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Reviewed by:
  • Contingent Maps: Rethinking Western Women’s History and the North American West ed. by Susan E. Gray, Gayle Gullet
  • Renee Laegreid
Contingent Maps: Rethinking Western Women’s History and the North American West. Edited by Susan E. Gray and Gayle Gullet. (Tucson: University of Arizona Press, 2014. Pp. 312. Photographs, notes, index).

In 1975, nearly a decade before western women’s history emerged as a distinct field of study, Frontiers: The Journal of Women’s Studies published its inaugural issue. Susan Armitage, the journal’s first and longtime editor, provided encouragement and, importantly, a venue for developing scholarship on western women. Susan Grey and Gayle Gullet, co-editors from 2003–2012, continued the tradition of fostering innovative scholarship. Not surprisingly, then, Contingent Maps: Rethinking Western Women’s History and the North American West is a collection of essays, published in Frontiers from 1975–2012, with a mission. Gray and Gullet’s assemblage demonstrates how, by incorporating cultural geography as an analytical category into their work, each scholar has provided innovative insights into the study of western women’s history.

In their introduction, Grey and Gullet provide a concise historiography of theoretical frameworks used by western women historians, covering “anything-but-Turner,” gender, class, race, sexuality, and colonialism. They conclude with the admonishment, “If a generation of Western women’s history has taught us anything, it is to be wary of the ability of any single analytical category to define the field,” and recommend adding cultural geography to the analytical toolbox (10). Gray and Gullet pay particular attention to Doreen Massy’s 1994 edited work, Space, Place, and Gender in which, simply put, space is understood as the varied social relationships that emerge in a particular place during a certain time; place is defined as the alignment of geographic location with ideas and values shared by indigenous peoples or brought into the area by settlers; and gender relationships are formed within a specific place and space.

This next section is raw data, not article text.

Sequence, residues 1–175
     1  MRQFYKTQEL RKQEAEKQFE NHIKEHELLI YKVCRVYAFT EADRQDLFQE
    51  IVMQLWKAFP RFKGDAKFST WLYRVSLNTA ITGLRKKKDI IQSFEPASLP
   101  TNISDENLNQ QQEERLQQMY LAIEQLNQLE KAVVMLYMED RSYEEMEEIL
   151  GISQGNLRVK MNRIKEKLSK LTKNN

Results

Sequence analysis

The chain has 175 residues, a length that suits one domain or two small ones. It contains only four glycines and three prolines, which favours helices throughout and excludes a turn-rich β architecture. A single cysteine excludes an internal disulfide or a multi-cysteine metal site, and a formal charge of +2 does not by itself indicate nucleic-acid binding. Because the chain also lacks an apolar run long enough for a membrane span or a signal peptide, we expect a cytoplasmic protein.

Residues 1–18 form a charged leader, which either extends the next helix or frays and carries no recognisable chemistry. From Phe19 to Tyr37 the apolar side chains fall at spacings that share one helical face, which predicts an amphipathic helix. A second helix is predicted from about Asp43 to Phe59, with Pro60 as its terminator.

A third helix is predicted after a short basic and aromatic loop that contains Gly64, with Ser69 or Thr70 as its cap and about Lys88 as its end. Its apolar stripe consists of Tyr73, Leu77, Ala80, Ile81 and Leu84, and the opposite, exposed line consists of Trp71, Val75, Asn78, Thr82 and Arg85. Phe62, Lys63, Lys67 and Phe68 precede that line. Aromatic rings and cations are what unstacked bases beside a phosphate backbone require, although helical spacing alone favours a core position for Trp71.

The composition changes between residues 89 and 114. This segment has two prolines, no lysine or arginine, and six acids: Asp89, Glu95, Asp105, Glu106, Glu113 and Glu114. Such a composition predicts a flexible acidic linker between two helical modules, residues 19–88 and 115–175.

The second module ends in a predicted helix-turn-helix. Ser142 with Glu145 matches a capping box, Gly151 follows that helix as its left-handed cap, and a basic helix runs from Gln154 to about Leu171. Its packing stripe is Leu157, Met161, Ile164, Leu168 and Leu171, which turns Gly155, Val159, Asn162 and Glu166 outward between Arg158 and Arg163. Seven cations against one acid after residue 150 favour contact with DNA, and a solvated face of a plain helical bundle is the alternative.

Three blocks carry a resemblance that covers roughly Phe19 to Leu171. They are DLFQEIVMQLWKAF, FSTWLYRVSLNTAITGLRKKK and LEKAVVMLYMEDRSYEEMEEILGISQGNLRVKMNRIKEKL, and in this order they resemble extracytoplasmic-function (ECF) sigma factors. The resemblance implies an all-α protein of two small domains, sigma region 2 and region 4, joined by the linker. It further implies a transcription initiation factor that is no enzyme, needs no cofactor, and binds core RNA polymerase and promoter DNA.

Gray and Gullet selected essays that, while diverse in place and ethnicity, are set in the modern West, from the late nineteenth-century to post-World War II. The anthology is divided into three sections, each with an introduction that provides context for the essays that follow. The first section, “Identities and Place,” focuses on the creation of western places and identities. Mary Wright’s essay, “The Woman’s Lodge,” beautifully incorporates space, place, and gender in her analysis of women-built and owned lodges for transmitting tradition, self-definition, and powerful gender roles among nineteenth-century indigenous Pacific Northwest Plateau peoples. Section two, “Colonized Places,” delves into indigenous women’s efforts to create and maintain their lives and identities after military conquest. “Ellie Meets the President,” by Laura Jane Moore underscores indigenous women’s difficulties in constructing an “authentic” identity for white tourists while determinedly maintaining their own personal and tribal identity. The third section, “Networks and Place,” examines transnational [End Page 527] networks, created by the West’s entrance into the modern era. Amy Kastely’s “Esperanza v. City of San Antonio: Politics, Power, and Culture,” examines the struggle of a Chicana-organized group to fight for “a vision of cultural rights and a place for such rights in U.S. domestic law” (289).

Contingent Maps: Rethinking Western Women’s History and the North American West is an outstanding anthology. Applying cultural geography to western history may not be new—Wilber Zelinsky’s The Cultural Geography of the United States (Prentice Hall, 1973Prentice Hall, 1992), for example, helped set the groundwork for understanding cultural persistence of immigrant movement into the West, and Massy’s concept of space and place seems implicitly to undergird many works of western history—but Gray and Gullet have repurposed it beautifully. The essays are excellent in their own right; Gray and Gullet’s selection of diverse ethnic experiences, and their ability to thread temporal and analytical similarities together deftly, provide important insights into studying women in the American West.

Renee Laegreid
University of Wyoming


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pp. 527-528
Launched on MUSE
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